Police informant claims he was fed information, told what to say on the stand

PRESCOTT, AZ - For 12 years, Tim Casner has been locked in an Arizona prison cell.

The Prescott house painter was convicted of being a serial burglar and sentenced to 26 years in prison.

The ABC15 Investigators revealed how a lack of physical evidence in Casner's case, and altered police reports are raising questions about whether police got the wrong man .

There were no fingerprints or eyewitnesses linking any of the burglaries to Casner.

None of the stolen property was ever recovered.

At one of the homes Casner was convicted of burglarizing, the owners reported a $5,000 burglary. But, the alleged victims were never able to provide police with a list of stolen property or a description of a single stolen item, even after police contacted them seven times during the course of a year.

Casner's brother told ABC15, "They did everything they could to put him in jail."

No search warrants were ever served on Casner's home or vehicle.

And Prescott police Det. Anna Cahall, the lead detective in the case, never visited some of the crime scenes or interviewed the victims before Casner was arrested.

But Cahall did have a key witness to help build her case against Casner.

And that witness was a member of Casner's own family -- his uncle, Gary Lewis.

Lewis was a convicted felon in custody and facing 15 years in prison on drug charges when he volunteered to testify against his nephew.

The ABC15 Investigators tracked Lewis down in California and got a startling admission from the prosecution's key witness.

Lewis claims Cahall fed him information before he testified -- and told him what to say on the stand.

The ABC15 Investigators obtained video of Lewis being questioned by Cahall. The video was never shown at trial and has never been released to the public.  

On the video, Lewis, clad in an orange jail jumpsuit tells Cahall that he is willing to testify and wants to make a deal.

But the tape shows that for more than an hour, Lewis could not give Cahall a single fact linking Casner to the burglaries.

Cahall asked Lewis, "Can you give me any names?"

But Lewis never provides any names.

Then, nearly 70 minutes into the interview, the video shows Lewis asking Cahall, "Do you think I could get some of the names?"

Cahall shows Lewis some documents and Lewis says, "Oh yeah, this looks like stuff he'd go after."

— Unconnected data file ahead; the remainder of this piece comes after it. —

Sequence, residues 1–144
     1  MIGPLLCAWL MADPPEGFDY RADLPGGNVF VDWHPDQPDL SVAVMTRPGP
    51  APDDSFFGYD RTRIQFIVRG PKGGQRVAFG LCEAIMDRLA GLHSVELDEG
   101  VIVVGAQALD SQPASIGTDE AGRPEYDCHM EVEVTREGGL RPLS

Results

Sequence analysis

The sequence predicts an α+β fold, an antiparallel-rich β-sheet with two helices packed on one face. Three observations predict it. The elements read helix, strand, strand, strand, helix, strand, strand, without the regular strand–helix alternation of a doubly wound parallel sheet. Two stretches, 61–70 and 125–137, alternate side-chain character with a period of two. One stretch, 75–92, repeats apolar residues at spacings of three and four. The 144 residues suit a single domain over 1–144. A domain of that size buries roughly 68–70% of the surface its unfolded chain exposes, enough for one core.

Three times in this one interview - Detective Cahall hands Lewis police reports.

Lewis told ABC15, "I read all the stuff they had. Nobody could really prove that he (Tim Casner) did anything. I was their whole case."

We showed the video of Cahall's interview with Lewis to Doug Passon, a Phoenix federal defender.

He has no connection to Casner's case and has never met Lewis or Detective Cahall, but he agreed to review the video.

Passon told us, "The worst thing you do is spoon feed them information."

He has tried hundreds of cases with police informants and he says when a witness is testifying as part of a deal for a lighter sentence, police have to be far more skeptical because the witness has a reason to lie.

Passon said what he saw on the video was improper and he believes Lewis was a tainted witness against Casner.

Passon says while there are no laws or rules that dictate exactly what detectives can say or do when they interview suspects or witnesses—prosecutors are supposed to closely scrutinize witnesses who testify in exchange for a lighter sentence.

 "When you're dealing with informants, you're playing with fire. They have the incentive to lie," Passon said.

We also showed the video to Yavapai County Attorney Sheila Polk.

She was the prosecutor who tried the case against Casner.

Polk told us, "None of that looks improper to me."

She said she stands by her case and she believes Casner is a guilty man who has had all the issues his defense team raises rejected on appeal.

Passon disagrees, saying if Cahall fed Lewis information, Casner deserves to have his appeal considered by a higher court.

Passon said, "It's bad police work and that's how injustice occurs."

Casner hopes his final appeal wins him another chance to prove his innocence.

If his appeal is denied, Casner will spend the next 14 years in prison for a crime he says he did not commit.

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